Since our first transvaginal cholecystectomy in October 2007, the procedure has become a routine operation. It is proposed to all women who have the appropriate indication. The operation is contraindicated in women with expected severe adhesions, virginity, gynecological disease, and partus less than four months previously. An acute cholecystitis is a relative contraindication, if there is just a short time between educational interview and operation. A consent given less than 24 hours prior to a new procedure may cause problems due to the German law.

The problems that may result from the use of flexible multichannel endoscopes, such as improper triangulation, unstable pneumoperitoneum, improper hemostasis, and lack of overview, are avoided by the rigid instruments.
The complication rate of the transvaginal approach is low. This is a long-established access in gynecology. [2–4]

Zornig[5] described an abscess in the Douglas room in one patient, which required a relaparoscopy with drainage. Since this experience, he recommends an antibiotic prophylaxis. We independently accomplished the prophylaxis in our patients from the beginning.

The reduction of the risk for infection in the area of the abdominal wall is one goal of the NOS procedures. The infections at the abdominal wound arise mostly at the gallbladder’s recovery incision, particularly if it contains large gallstones. No infection occurred in our cohort of patients. Disturbances of sexual function due to the transvaginal access were not reported.

Despite missing study results, the dyspareunia as a possible complication of the transvaginal approach is mentioned.[6]

In our clinical experiences, the closure of the incision at the posterior vault is not compellingly necessary. This is in line with experiences from gynecology where after hysterectomy, not in all cases is a closure of the vagina accomplished.[7,8]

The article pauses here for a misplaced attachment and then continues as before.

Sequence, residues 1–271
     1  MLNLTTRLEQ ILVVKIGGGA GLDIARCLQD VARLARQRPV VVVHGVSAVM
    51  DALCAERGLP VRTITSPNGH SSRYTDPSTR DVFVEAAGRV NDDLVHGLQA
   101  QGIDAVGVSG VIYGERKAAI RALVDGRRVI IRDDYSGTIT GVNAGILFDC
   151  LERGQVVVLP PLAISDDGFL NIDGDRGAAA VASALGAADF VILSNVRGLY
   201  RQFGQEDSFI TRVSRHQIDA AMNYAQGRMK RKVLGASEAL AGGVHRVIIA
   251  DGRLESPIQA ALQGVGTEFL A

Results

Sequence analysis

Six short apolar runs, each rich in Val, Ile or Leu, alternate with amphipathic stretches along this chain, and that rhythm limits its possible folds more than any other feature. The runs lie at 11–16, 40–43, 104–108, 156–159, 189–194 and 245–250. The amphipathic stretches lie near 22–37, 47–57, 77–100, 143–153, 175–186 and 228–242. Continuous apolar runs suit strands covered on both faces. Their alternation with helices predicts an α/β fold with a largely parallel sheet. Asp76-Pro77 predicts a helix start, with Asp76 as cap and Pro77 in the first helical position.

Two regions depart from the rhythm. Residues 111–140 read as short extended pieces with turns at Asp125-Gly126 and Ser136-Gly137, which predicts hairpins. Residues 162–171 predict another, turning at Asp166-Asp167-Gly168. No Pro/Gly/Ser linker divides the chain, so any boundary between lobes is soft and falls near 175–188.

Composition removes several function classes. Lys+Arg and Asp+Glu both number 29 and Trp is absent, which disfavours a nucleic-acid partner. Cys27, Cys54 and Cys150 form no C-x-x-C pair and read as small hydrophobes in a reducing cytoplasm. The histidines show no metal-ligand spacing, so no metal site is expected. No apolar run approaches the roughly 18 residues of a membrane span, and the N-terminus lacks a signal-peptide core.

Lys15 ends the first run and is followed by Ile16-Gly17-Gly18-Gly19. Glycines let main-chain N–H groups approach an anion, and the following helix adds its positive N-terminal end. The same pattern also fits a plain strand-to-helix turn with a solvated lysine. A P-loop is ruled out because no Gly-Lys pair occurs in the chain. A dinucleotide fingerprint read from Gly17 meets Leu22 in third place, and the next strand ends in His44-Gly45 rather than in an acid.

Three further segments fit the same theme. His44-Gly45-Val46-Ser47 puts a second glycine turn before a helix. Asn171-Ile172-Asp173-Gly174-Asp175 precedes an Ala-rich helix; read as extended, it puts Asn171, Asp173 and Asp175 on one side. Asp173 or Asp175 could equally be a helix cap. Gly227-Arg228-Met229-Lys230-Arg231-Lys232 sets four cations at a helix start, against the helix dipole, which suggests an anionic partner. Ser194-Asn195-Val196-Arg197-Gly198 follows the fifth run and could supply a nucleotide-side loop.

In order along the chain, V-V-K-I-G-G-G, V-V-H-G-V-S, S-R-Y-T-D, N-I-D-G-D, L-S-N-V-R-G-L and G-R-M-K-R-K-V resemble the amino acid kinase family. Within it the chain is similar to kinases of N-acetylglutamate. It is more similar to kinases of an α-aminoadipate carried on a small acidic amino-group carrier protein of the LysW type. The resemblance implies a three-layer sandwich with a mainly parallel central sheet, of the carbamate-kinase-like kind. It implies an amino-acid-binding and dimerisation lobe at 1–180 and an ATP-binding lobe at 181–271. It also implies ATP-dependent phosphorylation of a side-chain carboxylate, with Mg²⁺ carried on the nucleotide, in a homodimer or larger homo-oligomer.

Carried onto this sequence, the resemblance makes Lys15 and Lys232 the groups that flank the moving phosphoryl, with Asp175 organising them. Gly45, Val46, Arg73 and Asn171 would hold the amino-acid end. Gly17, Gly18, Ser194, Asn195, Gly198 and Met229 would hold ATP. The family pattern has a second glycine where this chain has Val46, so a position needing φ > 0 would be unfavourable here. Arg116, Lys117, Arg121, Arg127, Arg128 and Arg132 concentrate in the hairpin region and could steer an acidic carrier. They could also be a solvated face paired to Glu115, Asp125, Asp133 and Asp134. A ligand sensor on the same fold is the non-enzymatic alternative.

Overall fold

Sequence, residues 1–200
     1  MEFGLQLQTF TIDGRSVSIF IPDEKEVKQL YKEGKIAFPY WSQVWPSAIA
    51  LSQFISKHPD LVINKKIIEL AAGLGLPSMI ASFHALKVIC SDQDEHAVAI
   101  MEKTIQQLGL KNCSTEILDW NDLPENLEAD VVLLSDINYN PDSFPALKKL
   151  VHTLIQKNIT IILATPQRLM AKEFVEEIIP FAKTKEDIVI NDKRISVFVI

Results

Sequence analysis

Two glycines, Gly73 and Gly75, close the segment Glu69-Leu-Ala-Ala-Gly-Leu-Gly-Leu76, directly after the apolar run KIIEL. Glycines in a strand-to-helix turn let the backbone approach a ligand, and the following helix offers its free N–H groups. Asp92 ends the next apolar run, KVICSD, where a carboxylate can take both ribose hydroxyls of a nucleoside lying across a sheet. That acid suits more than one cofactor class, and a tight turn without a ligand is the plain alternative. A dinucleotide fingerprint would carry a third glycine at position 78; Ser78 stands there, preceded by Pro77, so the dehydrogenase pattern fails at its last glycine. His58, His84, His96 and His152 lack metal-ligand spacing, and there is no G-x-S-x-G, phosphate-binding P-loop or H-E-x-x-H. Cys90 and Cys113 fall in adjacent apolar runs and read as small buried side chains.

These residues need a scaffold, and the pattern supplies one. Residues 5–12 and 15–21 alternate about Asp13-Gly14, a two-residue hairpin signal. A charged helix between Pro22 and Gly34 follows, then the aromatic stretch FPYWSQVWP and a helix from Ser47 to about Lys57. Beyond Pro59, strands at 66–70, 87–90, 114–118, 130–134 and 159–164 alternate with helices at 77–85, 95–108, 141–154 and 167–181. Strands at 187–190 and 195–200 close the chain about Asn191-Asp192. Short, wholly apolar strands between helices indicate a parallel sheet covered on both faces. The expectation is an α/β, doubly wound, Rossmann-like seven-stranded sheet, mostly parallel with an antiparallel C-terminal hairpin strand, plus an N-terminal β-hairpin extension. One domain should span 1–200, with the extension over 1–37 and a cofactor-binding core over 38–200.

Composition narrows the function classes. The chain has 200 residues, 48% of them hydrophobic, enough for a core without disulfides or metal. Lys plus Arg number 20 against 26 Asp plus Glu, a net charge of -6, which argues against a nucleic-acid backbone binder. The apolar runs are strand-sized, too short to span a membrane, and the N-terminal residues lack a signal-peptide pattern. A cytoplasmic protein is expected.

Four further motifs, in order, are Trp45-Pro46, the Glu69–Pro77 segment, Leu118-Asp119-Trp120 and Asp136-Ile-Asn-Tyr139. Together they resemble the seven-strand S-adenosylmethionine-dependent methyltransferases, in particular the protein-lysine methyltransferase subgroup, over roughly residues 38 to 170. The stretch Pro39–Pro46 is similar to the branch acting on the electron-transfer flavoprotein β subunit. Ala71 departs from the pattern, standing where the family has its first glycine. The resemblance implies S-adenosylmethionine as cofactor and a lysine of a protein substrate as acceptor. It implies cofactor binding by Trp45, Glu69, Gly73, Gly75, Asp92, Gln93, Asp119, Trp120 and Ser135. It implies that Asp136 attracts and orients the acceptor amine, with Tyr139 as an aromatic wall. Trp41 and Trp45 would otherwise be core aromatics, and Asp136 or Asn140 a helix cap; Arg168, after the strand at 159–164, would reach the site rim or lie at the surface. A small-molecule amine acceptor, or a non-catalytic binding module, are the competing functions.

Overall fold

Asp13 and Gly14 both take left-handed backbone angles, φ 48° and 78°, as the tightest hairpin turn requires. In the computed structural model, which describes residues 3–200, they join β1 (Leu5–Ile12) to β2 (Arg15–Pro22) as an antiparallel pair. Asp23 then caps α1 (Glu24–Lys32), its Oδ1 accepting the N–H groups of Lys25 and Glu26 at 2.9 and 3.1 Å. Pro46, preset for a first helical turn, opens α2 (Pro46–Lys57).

The described technique is not a pure NOS procedure. Except for transvaginal access, the operation technique does not differ from the standard laparoscopic cholecystectomy. The literature and our own experiences confirm that the LATC is a safe procedure. The transvaginal access will most likely be used for further procedures. Prospective, randomized studies must follow to confirm these experiences.

1.    Zornig C, Mofid H, Emmermann A, et al. Scarless cholecystectomy with combined transvaginal and transumbilical approach in a series of 20 patients. Surg Endosc. 2008;22:1427–1429.
2.    Senn N. The early history of vaginal hysterectomy. JAMA. 1895;25:476–482.
3.    Ott. Ventroscopia. Zhurnal Akush I Zhensk Boliez. 1901.15:1045–1049.
4.    Klaften E. Die Kolpolaparoskopie; eine Methode zur direkten Betrachtung der Organe der Becken-Bauchhöhle vom hinteren Scheidengewölbe. Wien Klin Wochenschr. 1947. 59(50):829–831.
5.    Zornig C, Mofid H, Emmermann A, et al. Combined transvaginal and transumbilical approach for cholecystectomy with no visible scarring. Chirurg. 2008; Nov 22 (Epub ahead of print).
6.    Thele F, Zygmunt M, Glitsch A, et al. How do gynecologists feel about transvaginal NOTES surgery? Endoscopy. 2008;40(7):576–580.
7.    Al-Inany H. Peritoneal closure vs. non-closure: estimation of pelvic fluid by transvaginal ultrasonography after abdominal hysterectomy. Gynecol Obstet Invest. 2004;58(4):83–185.
8.    Franchi M, Ghezzi F, Zanaboni F, et al. Nonclosure of peritoneum at radical abdominal hysterectomy and pelvic node dissection: a randomized study. Obstet Gynecol. 1997;90:622–627.


Category: Original Research, Past Articles

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  1. tsin says:

    Transvaginal endoscopic surgery is not new, many procedures were done under the name of Culdolaparoscopy including cholecystectomies.Reference: Minilaparoscopy Assisted Natural Orifice Surgery. JSLS 2007;11:24-29